Despite all that seems to go wrong in Polish hockey the light at the end of the tunnel has been the amount of great young talent that Poland has in their system right now. This is the deepest depth of young talent Poland has had this century. Regardless of what happens in regards to management and coaching with the talent that Poland has coming, they should be able to push forward. In this list, I wanted to rank Poland’s young talent to create a better picture of what the future look likes. This is part 2 of the series as we look at the players ranked 16 through 13.
Rank – Player Name (Position), Age During Next Hockey Season, Team
#16 – Patryk Wysocki (D), 20, KRS Heilongjiang. At just 19-years-old, Wysocki has already played hockey in Belarus, China, and Poland. He played in Poland and Belarus on the professional level in each country’s top league. In China, he appeared in the Molodyozhnaya Hokkeinaya Liga (MHL). The MHL is the top level of junior hockey in Russia. Wysocki moved to China midseason after being recruited by Andrei Parfenov. Wysocki is a defensive first guy and able to read the game well. He isn’t overly physical but does not shy away from it either. He will be able to play a lot of minutes, clog up shooting lanes, and disrupt passing lanes.
He was ready to play professional hockey starting at the age of 17 in Belarus, which is quite the feat. He was the only U18 defensemen in the league for the 2016-17 season, that was not a part of Team Belarus U20. The following season, Wysocki returned to Poland to play for MH Automatyka Gdansk, recording 2 assists in 38 games. For 2018-19, he moved to a stronger club in GKS Katowice but spent a lot of time with PZHL U23. He had 3 assists in 39 PHL games before moving over to KRS Heilongjiang.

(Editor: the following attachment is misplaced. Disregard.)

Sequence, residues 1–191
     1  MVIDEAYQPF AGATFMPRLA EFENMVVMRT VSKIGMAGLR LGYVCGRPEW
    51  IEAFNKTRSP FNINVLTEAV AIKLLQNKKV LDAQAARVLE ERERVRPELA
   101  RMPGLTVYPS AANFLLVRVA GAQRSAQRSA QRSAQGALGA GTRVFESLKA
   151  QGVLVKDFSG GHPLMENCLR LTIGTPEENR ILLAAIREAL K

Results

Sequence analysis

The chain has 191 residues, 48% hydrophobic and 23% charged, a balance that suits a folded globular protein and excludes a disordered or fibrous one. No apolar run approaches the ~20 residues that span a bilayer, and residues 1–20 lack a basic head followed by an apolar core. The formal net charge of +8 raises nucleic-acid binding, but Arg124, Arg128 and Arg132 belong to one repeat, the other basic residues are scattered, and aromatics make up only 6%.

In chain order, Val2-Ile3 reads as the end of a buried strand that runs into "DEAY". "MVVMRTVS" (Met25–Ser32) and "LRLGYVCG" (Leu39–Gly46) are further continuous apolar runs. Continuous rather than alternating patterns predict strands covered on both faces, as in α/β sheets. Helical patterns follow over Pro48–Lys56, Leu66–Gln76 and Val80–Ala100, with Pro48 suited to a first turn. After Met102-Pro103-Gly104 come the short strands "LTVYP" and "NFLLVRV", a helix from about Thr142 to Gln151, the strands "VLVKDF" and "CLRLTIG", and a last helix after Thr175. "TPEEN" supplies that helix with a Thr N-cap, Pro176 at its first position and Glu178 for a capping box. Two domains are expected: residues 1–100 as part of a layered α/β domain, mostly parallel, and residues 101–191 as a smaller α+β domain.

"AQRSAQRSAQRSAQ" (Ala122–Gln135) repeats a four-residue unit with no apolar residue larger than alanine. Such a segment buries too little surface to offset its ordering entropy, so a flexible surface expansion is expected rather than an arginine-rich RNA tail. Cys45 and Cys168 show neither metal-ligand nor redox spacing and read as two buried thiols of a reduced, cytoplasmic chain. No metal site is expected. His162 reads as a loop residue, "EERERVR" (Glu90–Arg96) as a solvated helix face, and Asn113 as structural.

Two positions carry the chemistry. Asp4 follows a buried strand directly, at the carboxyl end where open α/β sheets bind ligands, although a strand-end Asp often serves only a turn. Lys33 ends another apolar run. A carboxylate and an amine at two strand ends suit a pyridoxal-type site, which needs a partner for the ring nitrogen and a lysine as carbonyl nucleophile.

In China, he had 2 goals and 2 assists in 20 games. His first goal in the MHL was actually his first goal since the 2016-17 U18s. KRS Heilongjiang was struggling hard and no single player could save the team, but Wysocki was able to come in and play some large minutes for the team. There he averaged 21:57 minutes a game. That is the 4th most among defensemen on the team and 11th most in the league (min 10 games played).
Wysocki like other top 4 defensemen on KRS Heilongjiang was put into a tough a role with harsh minutes and almost constantly being under siege. Usually, that is something I feel wouldn’t benefit a player at all, but considering Wysocki’s skill set it gave him the most chances to practice it. It will be interesting to see what is next for Wysocki as his options are pretty open. His former Head Coach in GKS Katowice said in an interview to Hokej.net, “If he wants to, maybe I’ll be able to get him to North America next season.” So far no announcements have been made by GKS Katowice, who did expect him to return to the team after the MHL season had finished. Katowice haven’t announced a new contract with the defenseman. They also added national team defensemen, Oskar Jaskiewicz and Patryk Wajda. Considering part of the reason he left for a chance in China was minutes, I wouldn’t imagine he returns to GKS Katowice.
#15 – Maciej Witan (F), 18, KH 58 Sanok. Sanok’s favorite son is also one of the top forward prospects in Poland. Witan is an incredible offensive talent and he needs to be on bigger stages than what he has played on. Witan has been one of the best players for Poland at the U18s. This year, he had 6 goals and 9 assists in 5 games. He had 9 points (5G, 4A) last year at the U18s. His two performances actually made him all-time leading scorer for Poland U18 at IIHF events.